in reply to Re: Help with Matrix math! in thread Help with Matrix math!
In this case you have to take into account the constraint on the vector x. The quadratic form x_{i}D_{ij}x_{j} is unbounded on R^{n}, so a derivative test (even with an Hessian test) is only going to find local extreme points, and there is no guarantee that those points will lie on the surface of interest (i.e. x'x = 1.) The difference is that for a point to be a local maximum when x is constrained, the derivative only needs to be zero when evaluated in the tangent space of the constraining surface at that point, not zero in every direction.
The standard way to include the surface constraint is to use Lagrangian multipliers.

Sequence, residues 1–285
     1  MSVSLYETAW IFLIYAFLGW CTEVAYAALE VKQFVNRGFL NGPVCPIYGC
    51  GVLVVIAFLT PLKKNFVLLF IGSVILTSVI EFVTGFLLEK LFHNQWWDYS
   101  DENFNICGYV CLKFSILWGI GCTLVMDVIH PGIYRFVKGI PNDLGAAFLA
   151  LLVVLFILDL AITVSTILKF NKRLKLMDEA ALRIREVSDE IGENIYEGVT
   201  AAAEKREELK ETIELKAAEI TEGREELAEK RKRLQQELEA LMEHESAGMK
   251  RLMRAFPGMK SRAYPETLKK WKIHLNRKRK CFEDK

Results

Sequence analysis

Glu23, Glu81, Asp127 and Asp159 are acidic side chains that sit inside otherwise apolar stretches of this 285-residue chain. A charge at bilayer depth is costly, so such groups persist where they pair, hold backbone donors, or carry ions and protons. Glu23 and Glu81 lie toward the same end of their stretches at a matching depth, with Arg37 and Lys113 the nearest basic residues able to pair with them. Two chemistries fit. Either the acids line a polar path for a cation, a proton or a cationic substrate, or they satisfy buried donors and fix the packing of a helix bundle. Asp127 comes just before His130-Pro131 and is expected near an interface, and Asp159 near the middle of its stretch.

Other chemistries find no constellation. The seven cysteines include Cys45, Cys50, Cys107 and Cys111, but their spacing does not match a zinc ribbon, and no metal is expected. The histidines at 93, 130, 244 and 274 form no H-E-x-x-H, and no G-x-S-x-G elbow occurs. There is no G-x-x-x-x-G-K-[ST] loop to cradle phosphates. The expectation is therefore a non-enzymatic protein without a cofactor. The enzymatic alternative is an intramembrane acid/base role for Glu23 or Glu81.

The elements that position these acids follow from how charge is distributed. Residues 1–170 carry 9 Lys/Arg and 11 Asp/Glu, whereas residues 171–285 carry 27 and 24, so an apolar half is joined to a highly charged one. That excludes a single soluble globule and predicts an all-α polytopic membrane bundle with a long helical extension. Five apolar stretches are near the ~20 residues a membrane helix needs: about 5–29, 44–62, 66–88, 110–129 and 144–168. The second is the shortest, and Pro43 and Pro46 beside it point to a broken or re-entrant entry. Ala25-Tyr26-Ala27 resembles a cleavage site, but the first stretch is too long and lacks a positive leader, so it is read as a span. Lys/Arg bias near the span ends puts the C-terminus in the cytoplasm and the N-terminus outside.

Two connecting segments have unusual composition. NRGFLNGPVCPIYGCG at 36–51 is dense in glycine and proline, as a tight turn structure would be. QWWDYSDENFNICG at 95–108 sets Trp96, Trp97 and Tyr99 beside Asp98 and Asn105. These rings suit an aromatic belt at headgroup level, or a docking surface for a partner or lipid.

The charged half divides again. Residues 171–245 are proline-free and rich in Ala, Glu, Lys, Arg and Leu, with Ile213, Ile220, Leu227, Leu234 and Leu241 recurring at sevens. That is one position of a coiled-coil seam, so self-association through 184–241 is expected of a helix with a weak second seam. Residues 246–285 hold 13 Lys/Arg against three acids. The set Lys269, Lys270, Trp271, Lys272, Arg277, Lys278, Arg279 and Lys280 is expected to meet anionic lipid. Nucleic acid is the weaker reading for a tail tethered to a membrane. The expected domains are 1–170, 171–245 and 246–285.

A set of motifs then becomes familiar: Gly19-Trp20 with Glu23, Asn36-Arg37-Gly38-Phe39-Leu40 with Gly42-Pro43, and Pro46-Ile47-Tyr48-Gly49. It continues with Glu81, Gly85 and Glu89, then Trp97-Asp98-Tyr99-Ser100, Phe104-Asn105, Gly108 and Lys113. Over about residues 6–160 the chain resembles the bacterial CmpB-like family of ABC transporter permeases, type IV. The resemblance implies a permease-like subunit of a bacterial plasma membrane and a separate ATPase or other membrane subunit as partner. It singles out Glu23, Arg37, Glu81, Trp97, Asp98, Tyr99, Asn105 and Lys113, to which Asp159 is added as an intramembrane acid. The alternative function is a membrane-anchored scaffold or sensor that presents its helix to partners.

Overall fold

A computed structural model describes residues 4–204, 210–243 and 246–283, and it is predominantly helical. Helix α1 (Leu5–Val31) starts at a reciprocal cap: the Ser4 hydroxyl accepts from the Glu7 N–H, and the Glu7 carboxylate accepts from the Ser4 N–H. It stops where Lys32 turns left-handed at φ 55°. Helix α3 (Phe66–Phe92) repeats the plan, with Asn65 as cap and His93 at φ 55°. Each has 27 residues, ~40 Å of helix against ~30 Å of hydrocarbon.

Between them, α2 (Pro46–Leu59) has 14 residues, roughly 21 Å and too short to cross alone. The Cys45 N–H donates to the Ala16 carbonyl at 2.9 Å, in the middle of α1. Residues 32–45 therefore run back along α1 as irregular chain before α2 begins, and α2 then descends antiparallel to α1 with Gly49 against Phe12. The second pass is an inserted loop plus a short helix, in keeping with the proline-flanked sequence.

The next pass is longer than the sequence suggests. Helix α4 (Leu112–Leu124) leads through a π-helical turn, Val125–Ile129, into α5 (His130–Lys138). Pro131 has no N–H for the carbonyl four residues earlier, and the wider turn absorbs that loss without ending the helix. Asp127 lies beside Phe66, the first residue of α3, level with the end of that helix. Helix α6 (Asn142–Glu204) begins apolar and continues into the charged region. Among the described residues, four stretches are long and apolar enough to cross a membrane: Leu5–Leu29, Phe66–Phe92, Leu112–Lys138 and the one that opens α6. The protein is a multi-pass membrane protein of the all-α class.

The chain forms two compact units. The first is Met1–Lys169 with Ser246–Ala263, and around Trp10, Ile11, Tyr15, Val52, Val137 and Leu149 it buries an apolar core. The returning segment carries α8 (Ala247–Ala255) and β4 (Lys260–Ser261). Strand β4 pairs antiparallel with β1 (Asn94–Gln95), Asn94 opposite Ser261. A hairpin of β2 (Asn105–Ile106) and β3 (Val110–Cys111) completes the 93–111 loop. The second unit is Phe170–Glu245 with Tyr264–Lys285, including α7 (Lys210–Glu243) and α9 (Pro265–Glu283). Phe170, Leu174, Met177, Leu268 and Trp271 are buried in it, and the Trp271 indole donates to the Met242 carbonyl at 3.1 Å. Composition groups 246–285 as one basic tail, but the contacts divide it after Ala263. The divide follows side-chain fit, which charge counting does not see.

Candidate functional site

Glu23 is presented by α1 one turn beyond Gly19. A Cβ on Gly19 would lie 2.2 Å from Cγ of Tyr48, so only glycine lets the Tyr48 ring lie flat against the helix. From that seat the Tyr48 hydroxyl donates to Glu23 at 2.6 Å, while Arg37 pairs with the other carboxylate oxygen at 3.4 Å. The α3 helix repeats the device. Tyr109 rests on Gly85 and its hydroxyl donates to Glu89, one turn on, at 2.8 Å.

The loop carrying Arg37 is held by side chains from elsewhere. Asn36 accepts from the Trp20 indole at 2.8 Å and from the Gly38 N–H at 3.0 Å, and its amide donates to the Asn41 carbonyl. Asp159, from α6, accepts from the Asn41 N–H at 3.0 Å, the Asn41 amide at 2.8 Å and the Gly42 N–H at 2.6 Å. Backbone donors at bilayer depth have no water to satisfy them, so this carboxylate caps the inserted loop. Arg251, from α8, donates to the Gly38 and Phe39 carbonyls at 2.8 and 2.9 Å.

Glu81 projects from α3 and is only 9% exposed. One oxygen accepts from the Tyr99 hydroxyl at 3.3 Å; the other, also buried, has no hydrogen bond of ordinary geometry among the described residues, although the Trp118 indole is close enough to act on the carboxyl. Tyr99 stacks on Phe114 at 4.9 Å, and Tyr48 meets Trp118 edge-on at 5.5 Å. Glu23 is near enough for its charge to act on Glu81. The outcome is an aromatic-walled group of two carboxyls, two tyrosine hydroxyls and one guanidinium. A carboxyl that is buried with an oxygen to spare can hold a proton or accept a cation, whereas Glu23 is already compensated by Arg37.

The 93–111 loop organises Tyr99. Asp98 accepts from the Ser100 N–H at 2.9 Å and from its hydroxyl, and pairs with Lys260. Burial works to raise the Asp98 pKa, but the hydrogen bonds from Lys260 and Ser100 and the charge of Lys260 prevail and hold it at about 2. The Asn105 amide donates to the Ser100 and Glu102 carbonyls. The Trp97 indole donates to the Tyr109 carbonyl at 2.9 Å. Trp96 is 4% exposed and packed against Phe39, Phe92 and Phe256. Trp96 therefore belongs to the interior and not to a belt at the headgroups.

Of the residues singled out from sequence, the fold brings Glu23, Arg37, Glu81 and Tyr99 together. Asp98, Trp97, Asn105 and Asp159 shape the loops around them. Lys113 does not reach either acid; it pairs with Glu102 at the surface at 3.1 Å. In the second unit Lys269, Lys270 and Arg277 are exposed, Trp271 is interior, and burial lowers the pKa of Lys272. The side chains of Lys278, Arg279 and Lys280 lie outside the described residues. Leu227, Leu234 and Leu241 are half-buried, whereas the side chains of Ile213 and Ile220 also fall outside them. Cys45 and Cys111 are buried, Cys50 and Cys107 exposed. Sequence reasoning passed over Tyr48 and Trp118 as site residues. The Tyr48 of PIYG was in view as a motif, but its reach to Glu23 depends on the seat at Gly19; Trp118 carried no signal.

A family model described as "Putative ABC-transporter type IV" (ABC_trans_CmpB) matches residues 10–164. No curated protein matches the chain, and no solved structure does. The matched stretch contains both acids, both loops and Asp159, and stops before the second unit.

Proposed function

Re^3: Help with Matrix math! by randyk (Parson) on Dec 18, 2007 at 01:41 UTC 
I was thinking of the problem differently 
find the extremal points of
x^{†}Dx, which leads to the eigenvalue
equation Dx = 0. This equation doesn't determine
x^{†}x completely, so one is free to impose, for example, x^{†}x = 1 as a
normalization condition. But you're right that if
x^{†}x = 1 is intended as a true constraint, then a method like Lagrange multipliers should be used.  [reply]